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Northern summer skyscape at midnight, 


            Tony Cook

Northern summer skyscape at midnight

Technical card

Resolution: 7954x2494

Dates:July 6, 2014

Frames: 5x10"

Integration: 0.0 hours

Avg. Moon age: 8.34 days

Avg. Moon phase: 60.13% job: 960368

Locations: Home, Bramhope, West Yorkshire, United Kingdom


[This image is best viewed at full resolution with side to side panning.]

Picture description:

During a 3 week period centred on the summer solstice the northern night skies are in permanent twilight at 54N where I live in the UK. Occasionally a superb noctilucent cloud display makes up for the inability to do regular astrophotography. This was the first display I observed in 2014.

Noctilucent clouds are composed of very small ice crystals and are typically found at an altitude of 80km - on the edge of space. Even though it is night on the ground these clouds are directly lit by the sun. The reflected sunlight gives rise to these "night shining" clouds.

The view is from the north side of the village of Bramhope looking out directly northwards across the Wharfe valley to Norwood on the left and Armscliff Crag on the right (the bump on the horizon). The time was approaching local midnight.

The constellation of Auriga hangs over the center portion of the panorama. Capella is above the local landmark of Armscliff Crag, a prominant gritstone tor at the edge of the Yorkshire Dales.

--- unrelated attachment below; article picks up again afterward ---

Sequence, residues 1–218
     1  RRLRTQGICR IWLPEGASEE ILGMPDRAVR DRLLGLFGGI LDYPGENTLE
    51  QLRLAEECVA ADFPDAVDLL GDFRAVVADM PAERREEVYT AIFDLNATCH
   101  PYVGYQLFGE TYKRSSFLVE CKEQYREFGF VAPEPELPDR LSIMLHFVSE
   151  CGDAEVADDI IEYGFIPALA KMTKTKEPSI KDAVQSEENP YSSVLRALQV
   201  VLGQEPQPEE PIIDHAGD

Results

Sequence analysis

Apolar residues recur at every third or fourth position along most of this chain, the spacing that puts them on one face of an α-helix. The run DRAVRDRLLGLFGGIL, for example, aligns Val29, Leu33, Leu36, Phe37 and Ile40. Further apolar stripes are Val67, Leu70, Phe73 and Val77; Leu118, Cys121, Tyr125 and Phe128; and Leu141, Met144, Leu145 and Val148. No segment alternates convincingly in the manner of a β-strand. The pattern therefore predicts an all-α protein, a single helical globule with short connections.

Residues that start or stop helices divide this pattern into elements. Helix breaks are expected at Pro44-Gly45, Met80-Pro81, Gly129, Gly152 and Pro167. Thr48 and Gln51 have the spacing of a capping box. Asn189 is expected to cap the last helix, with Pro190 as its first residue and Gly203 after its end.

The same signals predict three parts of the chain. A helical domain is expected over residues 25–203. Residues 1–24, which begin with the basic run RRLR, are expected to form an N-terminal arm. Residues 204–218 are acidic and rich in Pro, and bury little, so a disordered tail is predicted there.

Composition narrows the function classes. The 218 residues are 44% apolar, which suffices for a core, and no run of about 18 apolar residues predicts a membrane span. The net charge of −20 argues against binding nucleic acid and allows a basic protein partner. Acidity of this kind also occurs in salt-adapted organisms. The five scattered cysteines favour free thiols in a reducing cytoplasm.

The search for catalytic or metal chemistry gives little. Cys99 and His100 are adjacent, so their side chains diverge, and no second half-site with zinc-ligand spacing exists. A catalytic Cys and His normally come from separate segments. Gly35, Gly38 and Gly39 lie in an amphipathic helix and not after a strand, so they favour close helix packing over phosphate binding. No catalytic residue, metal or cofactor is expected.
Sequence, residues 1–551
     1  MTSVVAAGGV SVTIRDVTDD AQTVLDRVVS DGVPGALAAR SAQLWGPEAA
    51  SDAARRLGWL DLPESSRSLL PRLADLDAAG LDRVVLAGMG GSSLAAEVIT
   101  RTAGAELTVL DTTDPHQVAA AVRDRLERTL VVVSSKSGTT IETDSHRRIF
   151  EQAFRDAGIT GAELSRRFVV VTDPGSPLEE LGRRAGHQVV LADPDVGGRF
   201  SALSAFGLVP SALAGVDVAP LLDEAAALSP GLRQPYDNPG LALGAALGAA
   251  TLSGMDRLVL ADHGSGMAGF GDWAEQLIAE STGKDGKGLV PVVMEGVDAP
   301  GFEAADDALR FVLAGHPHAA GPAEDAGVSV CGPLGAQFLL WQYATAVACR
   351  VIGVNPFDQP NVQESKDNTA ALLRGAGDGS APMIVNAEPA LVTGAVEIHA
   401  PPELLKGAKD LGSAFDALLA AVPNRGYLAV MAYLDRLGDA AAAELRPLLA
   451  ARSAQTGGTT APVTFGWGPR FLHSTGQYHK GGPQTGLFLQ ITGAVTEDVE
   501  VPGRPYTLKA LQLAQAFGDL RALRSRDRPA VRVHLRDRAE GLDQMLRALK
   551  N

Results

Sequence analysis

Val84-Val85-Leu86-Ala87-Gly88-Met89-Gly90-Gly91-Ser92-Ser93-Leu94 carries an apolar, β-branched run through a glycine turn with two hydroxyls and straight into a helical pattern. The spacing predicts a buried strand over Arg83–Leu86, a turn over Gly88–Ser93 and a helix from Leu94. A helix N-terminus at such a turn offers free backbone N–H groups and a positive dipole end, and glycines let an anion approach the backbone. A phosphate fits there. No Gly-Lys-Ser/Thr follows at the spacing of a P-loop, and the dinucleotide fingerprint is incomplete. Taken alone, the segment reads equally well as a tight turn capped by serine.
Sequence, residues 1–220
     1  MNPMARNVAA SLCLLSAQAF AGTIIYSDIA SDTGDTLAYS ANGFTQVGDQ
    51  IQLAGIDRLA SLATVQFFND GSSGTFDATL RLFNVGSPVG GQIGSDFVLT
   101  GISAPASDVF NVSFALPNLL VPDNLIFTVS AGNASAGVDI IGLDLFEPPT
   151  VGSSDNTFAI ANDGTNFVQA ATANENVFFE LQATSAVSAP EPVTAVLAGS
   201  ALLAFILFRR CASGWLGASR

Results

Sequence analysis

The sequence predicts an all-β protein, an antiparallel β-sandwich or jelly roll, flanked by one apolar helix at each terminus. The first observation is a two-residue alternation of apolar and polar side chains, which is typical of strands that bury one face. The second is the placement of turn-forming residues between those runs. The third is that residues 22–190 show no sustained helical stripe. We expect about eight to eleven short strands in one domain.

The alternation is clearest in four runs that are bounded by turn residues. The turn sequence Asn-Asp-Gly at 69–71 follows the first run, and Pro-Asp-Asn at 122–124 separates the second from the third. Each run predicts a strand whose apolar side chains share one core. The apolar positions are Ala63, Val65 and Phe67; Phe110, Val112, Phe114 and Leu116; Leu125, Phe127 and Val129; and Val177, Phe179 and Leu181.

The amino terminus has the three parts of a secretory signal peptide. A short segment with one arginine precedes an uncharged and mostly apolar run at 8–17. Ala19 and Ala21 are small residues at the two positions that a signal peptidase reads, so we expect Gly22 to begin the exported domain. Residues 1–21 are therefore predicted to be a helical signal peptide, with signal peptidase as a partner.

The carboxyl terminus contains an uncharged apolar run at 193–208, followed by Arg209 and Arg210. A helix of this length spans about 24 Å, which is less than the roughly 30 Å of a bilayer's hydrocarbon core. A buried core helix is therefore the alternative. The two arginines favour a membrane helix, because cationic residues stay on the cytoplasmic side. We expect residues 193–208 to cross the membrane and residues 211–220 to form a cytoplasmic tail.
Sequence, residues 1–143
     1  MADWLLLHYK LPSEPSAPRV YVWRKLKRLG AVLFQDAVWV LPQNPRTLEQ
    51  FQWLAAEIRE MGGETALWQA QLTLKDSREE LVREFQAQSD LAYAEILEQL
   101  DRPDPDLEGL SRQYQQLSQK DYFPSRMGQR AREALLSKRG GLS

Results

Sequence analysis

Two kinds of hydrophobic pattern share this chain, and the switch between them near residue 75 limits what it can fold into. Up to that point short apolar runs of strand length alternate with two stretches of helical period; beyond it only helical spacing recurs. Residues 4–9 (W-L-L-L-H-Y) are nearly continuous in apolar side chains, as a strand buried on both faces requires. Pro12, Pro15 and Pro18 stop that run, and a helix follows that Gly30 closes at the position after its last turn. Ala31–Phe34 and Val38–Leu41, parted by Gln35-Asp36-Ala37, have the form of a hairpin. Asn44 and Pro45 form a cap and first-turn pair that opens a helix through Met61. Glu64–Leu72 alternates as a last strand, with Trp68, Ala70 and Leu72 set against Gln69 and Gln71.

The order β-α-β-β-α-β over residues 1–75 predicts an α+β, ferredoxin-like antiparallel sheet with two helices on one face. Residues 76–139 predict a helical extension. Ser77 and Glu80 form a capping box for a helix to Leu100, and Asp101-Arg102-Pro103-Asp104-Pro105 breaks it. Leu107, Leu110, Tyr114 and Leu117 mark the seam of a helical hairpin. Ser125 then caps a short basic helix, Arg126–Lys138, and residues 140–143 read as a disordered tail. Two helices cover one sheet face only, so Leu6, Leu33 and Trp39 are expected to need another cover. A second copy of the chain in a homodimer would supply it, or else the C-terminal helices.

Some basic trigonometry will help work out how far north the clouds right on the horizon are and how far away this is by line of sight. It is also possible to work out where the top of the cloud display is by using known stars.

NLCs are about 80 to 82 km above the Earth. Earth's radius is 6371 km.

The increase in latitude from your location to the clouds right down on the horizon is given by:

cos-1 (6371 / (6371 + 80)) = cos-1 (0.9876) = 9 degrees.

The picture was taken close to 54 North so the clouds on the horizon are at latitude 63 North which is 1 degree north of the Faroe Islands.

The direct line of sight distance to the furthest visible clouds is:

tan (9) = distance / 6371

distance = 0.1582 * 6371 = 1009 km

The bright star in the picture is Cappella is very very close to 10 degrees above the northern horizon (measured via Stellarium). In the panorama the top of the clouds are 5 degrees above the horizon. This gives (via the sine rule and angle sum rule ):

@ 5 degrees above horizon (1/2 way to Cappella) - cloud latitude = 59.3 degrees; line of sight distance = 600 km (between Orkney and Shetland Islands)

The visible portion of these clouds cover a vast area. From 5 degrees down to the horizon you are looking at a 400 km distance (hugely foreshortened)


This very wide panorama was taken with a 28-80mm Canon lens set at 50mm on a 40D Canon camera. This was a 5 frame overlapping series of images which has been cut down slightly at the left and right edges. It was blended together with Autopano Pro 2.0. Each frame was preprocessed in Photoshop CS2 for noise reduction (Despeckle and Neat Image plugin). Also each frame was preprocessed in Images Plus for a touch of controlled sharpening with Adaptive Richardson-Lucy deconvolution (10 iterations on each frame).

Revision B: Added some chromatic noise reduction and lightened the deep sky

Revision C: Used a masked local contrast enhancement technique to enhance the contrast of features within the noctilucent clouds.



Tony Cook
License: Attribution-NonCommercial-NoDerivs Creative Commons


  • Northern summer skyscape at midnight, 


            Tony Cook
  • Northern summer skyscape at midnight, 


            Tony Cook
  • Final
    Northern summer skyscape at midnight, 


            Tony Cook


Northern summer skyscape at midnight, 


            Tony Cook